18. Mr. Surolia, learned counsel for the Department, on the other hand, submitted that Smt. Gyan Devi was unable to state that she was a partner in the assessee-firm and did not come forward to give her statement before the Income-tax Officer to prove that she was a consenting party in the constitution of the firm on November 14, 1967, and the finding that. Smt. Gyan Devi was not a partner and no genuine partnership came to be constituted on November 14, 1967, was purely a question of fact.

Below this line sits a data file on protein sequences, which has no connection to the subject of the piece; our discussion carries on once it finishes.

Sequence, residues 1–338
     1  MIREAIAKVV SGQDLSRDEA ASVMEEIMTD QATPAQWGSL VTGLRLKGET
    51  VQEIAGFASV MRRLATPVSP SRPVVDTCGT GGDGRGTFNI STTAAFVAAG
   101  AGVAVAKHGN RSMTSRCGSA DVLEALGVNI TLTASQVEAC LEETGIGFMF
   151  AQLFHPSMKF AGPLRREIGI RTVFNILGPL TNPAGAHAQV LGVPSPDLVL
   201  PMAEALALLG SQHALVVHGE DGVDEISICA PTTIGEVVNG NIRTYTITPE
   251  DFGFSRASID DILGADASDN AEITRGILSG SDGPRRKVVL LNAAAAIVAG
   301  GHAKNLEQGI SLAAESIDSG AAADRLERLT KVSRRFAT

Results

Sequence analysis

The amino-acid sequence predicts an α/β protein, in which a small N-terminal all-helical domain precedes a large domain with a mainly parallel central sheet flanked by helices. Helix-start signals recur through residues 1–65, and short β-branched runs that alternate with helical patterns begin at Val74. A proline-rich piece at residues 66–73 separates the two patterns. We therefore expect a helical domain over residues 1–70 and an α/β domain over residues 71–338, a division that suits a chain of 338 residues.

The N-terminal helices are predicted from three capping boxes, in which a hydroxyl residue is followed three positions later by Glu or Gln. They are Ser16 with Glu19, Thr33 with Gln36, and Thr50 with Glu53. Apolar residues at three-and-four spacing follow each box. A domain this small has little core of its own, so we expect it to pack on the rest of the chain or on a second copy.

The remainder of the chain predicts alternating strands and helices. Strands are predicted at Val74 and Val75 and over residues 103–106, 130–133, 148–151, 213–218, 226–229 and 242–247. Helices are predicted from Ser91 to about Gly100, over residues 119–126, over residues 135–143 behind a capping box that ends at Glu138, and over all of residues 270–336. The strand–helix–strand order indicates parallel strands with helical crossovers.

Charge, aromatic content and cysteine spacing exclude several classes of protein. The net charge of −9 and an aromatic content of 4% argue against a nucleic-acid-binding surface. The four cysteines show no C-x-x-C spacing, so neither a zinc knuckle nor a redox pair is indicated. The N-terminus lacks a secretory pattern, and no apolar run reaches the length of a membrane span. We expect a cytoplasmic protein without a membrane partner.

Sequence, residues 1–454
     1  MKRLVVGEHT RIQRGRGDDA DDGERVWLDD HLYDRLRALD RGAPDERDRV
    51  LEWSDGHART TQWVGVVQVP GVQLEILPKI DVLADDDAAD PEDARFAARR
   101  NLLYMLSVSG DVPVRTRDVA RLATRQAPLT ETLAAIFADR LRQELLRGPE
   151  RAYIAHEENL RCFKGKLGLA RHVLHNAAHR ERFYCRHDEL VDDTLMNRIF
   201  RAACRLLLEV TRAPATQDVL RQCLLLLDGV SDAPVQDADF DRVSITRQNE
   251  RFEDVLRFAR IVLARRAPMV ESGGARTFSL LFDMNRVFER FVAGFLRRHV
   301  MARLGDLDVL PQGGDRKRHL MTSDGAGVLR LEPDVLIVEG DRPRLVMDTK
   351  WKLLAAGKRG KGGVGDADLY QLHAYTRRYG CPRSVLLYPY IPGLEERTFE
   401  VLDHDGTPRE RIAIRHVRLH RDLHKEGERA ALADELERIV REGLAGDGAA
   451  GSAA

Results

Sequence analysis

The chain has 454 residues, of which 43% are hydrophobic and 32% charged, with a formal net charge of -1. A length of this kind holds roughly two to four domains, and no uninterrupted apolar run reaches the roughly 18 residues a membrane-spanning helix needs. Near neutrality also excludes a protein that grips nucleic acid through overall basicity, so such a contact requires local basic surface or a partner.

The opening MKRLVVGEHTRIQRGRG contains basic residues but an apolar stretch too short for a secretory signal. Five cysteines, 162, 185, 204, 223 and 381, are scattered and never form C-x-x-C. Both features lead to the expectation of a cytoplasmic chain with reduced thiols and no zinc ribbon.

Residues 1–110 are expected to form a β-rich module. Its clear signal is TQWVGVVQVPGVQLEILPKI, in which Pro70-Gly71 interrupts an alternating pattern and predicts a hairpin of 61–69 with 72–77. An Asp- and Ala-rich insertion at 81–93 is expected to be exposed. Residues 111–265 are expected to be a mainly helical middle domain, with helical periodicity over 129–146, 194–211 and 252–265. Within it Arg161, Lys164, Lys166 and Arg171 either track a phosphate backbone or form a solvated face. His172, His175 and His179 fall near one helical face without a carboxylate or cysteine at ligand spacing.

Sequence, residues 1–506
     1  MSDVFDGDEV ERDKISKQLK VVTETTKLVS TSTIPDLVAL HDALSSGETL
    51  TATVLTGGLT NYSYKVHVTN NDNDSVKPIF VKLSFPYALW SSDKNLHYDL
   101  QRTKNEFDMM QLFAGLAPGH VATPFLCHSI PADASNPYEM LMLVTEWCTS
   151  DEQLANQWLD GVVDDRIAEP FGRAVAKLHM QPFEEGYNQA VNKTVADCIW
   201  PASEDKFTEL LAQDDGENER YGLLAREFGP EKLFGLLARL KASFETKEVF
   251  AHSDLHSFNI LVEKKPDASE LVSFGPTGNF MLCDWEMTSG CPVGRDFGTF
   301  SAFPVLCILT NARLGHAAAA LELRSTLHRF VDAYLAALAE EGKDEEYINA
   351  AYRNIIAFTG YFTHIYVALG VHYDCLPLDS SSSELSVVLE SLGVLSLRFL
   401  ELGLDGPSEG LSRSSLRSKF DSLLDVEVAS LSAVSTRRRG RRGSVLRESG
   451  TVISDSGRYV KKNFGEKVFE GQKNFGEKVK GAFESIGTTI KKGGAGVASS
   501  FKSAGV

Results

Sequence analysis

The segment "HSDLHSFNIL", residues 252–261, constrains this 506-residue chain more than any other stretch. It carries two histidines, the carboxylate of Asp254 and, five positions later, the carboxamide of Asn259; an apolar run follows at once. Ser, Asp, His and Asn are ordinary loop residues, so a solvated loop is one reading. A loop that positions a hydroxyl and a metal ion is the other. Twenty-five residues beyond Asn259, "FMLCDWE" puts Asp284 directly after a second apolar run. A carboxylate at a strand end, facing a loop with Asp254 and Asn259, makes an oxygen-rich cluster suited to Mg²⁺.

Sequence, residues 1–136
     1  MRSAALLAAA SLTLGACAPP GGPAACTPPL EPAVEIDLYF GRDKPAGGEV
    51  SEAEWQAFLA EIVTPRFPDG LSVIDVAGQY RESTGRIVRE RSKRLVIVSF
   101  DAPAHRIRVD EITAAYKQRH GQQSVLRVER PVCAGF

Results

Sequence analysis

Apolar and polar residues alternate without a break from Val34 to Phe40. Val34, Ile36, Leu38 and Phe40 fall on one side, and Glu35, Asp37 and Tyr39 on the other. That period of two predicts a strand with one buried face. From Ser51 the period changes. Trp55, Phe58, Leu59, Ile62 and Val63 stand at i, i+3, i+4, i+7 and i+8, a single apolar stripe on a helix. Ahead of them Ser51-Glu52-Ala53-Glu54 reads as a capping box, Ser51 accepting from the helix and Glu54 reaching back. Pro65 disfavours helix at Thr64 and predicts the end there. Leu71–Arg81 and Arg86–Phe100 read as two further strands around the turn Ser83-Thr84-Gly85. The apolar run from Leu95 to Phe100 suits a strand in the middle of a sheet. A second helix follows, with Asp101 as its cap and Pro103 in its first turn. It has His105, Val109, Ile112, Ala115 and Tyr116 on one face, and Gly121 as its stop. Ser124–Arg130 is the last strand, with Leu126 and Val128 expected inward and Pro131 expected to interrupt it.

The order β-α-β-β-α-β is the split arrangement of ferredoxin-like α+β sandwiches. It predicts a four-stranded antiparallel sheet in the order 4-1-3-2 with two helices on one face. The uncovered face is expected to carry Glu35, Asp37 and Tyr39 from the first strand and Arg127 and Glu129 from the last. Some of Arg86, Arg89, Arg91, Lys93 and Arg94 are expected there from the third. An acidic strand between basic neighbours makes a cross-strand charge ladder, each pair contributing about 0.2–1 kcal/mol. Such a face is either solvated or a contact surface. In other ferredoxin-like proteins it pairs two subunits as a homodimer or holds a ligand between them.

19. We have given our careful consideration to the entire facts and circumstances of the case and the material placed on record. We are clearly of the view that as Smt. Gyan Devi had separated from the partnership on March 31, 1970, and her statement was recorded by the Inspector on August 24, 1971, and in the manner in which the questions were put to her, no adverse inference at all could be drawn from the answers given by her. In all, three questions were put to her and she had clearly answered the third question that she did not remember anything as she was not mentally well. Even if it may be considered that the certificate of a vaidya was obtained subsequently, the fact remains that even before the Inspector, Smt. Gyan Devi had stated that she was not mentally well. That apart, we fail to understand as to why the partnership deed reduced to writing and the firm having been registered before the Registrar of firms as early as on December 2, 1967, and the accounts of the firm clearly showing that the share of profit of Smt. Gyan Devi was credited to her account should be disbelieved. Strangely enough, the same partnership deed and the accounts maintained by the firm have been believed for granting registration underSection 185 of the Act for subsequent years of assessment. We are in agreement with the view taken in Subhash Medical Stores' case wherein it was observed as under (p. 499) :